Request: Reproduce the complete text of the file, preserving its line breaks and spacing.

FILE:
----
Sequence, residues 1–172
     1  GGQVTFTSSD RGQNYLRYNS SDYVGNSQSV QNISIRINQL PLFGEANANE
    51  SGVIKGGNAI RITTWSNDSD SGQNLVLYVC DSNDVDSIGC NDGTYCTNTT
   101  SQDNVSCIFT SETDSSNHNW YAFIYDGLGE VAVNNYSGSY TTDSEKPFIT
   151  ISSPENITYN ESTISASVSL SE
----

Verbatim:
Sequence, residues 1–172
     1  GGQVTFTSSD RGQNYLRYNS SDYVGNSQSV QNISIRINQL PLFGEANANE
    51  SGVIKGGNAI RITTWSNDSD SGQNLVLYVC DSNDVDSIGC NDGTYCTNTT
   101  SQDNVSCIFT SETDSSNHNW YAFIYDGLGE VAVNNYSGSY TTDSEKPFIT
   151  ISSPENITYN ESTISASVSL SE